For me this is where the strength of something like the Amookos work comes into its own. While Kenneth Grant’s work is strong in the evocation of mood and sense of how strange the magical universe can be, arguably he is weaker at communicating what precisely one does (in terms of technique) to actually get and remain there.

If Crowley (and Parsons) introduced us to the way in which the pursuit of Babalon can fuel our personal Grail quest, then Grant confronts us with the disturbing cost that the pursuit of Shakti might entail. If we seek an experience of the Goddess that moves beyond two-dimensional wish-fulfillment, then it is likely that we will need to make contact with those sources that have evolved a deeper appreciation. For me it feels likely that part of the attraction to Tantra for second and third generation Thelemites is the way in which it offers richer, time-tested means for experiencing She who births, loves and destroys.

Balance is always difficult to maintain, both in terms of our own personal equilibrium and in addressing the various domains of magical development within the context of an Order. Active skills versus cultivating receptivity, prescription versus personal liberty, and group versus solo practice are all competing needs that we seek to balance in ensuring a holism to our learning. In my experience curriculums such Liber MMM and Tantra Magick tend to have an enduring value in that they provide substance and suggestion without demanding adherence to material that may not fit too well with individual disposition.  As Mike himself states in Tantra Magick:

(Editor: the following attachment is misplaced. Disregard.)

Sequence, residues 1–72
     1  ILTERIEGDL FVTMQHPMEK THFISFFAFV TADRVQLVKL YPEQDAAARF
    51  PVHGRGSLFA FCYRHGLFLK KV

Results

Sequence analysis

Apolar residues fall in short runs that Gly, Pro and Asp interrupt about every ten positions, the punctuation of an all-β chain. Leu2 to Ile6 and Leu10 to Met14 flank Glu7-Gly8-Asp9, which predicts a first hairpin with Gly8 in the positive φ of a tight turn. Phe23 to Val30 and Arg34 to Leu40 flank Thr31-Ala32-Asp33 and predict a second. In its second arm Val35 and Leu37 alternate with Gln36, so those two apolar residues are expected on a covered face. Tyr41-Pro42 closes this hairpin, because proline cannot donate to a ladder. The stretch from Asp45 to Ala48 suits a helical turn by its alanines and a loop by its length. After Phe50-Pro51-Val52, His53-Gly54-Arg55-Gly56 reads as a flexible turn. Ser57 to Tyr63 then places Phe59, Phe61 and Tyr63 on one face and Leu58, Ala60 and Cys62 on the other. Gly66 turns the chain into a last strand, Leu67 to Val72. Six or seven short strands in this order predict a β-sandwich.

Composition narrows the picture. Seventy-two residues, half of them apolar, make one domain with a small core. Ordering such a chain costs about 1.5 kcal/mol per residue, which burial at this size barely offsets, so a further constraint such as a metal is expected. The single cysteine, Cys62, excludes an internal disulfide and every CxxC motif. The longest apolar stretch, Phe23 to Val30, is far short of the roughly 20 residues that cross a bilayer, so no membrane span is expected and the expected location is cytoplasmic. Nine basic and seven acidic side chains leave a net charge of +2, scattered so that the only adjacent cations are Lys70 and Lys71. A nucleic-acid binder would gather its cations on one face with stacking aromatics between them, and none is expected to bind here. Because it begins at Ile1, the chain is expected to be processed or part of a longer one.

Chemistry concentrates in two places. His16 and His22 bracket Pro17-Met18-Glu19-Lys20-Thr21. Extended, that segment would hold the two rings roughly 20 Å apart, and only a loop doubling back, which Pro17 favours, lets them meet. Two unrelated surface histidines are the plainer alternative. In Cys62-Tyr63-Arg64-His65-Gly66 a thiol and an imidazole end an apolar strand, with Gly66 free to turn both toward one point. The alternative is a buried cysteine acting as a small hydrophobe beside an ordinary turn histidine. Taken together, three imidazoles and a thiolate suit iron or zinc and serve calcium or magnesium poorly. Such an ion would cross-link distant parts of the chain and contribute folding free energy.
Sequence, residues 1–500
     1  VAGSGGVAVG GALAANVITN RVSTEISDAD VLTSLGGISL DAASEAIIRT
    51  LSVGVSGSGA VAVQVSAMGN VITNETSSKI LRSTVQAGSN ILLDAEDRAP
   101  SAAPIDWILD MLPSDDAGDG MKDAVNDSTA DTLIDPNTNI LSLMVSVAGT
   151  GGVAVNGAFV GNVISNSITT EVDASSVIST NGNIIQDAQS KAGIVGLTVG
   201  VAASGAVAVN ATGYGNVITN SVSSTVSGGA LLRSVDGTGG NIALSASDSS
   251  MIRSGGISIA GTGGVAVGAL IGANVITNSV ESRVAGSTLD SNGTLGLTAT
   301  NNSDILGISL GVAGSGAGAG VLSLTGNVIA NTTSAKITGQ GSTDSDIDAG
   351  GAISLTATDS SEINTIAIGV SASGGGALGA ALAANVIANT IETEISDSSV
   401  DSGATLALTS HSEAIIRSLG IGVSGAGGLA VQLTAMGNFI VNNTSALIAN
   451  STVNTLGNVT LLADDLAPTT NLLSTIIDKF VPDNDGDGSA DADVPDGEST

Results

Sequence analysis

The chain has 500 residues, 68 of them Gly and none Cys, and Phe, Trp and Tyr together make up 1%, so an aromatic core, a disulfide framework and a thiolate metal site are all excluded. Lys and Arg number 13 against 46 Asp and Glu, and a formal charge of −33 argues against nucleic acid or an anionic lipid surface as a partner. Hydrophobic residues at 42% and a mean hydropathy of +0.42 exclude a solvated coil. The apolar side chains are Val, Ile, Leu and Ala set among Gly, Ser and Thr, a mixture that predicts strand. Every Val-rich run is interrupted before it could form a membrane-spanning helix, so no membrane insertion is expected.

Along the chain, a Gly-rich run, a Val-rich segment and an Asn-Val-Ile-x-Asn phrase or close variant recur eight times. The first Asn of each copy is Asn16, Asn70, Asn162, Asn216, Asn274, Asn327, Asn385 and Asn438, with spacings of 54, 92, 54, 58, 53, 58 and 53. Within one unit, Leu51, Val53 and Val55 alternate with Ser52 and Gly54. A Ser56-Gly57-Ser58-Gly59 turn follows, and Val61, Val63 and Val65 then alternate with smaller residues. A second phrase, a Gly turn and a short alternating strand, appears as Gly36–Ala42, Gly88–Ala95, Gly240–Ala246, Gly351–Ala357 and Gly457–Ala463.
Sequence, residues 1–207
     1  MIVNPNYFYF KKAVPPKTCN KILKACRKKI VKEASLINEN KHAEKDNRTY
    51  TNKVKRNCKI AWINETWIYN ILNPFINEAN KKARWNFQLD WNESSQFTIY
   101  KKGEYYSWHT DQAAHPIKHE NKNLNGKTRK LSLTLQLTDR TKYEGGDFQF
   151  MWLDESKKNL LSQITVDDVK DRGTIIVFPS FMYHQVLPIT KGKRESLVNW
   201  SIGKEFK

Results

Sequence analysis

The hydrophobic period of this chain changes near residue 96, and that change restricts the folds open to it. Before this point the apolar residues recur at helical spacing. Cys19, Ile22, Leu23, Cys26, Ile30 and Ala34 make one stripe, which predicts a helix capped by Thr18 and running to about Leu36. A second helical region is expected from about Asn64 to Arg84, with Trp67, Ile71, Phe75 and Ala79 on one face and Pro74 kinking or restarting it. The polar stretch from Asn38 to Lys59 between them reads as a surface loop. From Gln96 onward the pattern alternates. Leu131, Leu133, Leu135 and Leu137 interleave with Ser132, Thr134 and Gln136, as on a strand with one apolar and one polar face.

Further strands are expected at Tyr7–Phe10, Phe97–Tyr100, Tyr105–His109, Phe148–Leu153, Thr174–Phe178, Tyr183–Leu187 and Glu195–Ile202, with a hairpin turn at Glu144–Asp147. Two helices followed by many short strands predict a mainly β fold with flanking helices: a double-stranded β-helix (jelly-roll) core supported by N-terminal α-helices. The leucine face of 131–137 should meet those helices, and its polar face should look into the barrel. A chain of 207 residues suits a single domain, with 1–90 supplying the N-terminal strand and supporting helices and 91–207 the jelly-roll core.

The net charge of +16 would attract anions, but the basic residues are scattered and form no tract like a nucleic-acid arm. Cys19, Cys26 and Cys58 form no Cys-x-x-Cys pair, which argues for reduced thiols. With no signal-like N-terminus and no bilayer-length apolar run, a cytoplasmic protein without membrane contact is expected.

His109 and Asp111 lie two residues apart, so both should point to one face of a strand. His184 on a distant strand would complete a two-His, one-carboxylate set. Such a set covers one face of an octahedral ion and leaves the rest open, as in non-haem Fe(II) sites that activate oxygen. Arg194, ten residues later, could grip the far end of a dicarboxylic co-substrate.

This expression of the I Ching reveals the dynamic magick of AMOOKOS. The Ridgepole is the fluid yet equipoised point existing between the two states of active/passive. Tantra Magick, p93.

Having waxed lyrical for over 1,500 words about the benefits that working with this curriculum offers those wanting a deeper experience of the Thelemic and Typhonian currents, one may rightly wonder, “Well, why isn’t Amookos that functional as an Order anymore?” The answer to this question is complex in that it is connected to the question of whether we believe formal magical Orders remain valuable; and also, which measure we use in quantifying success.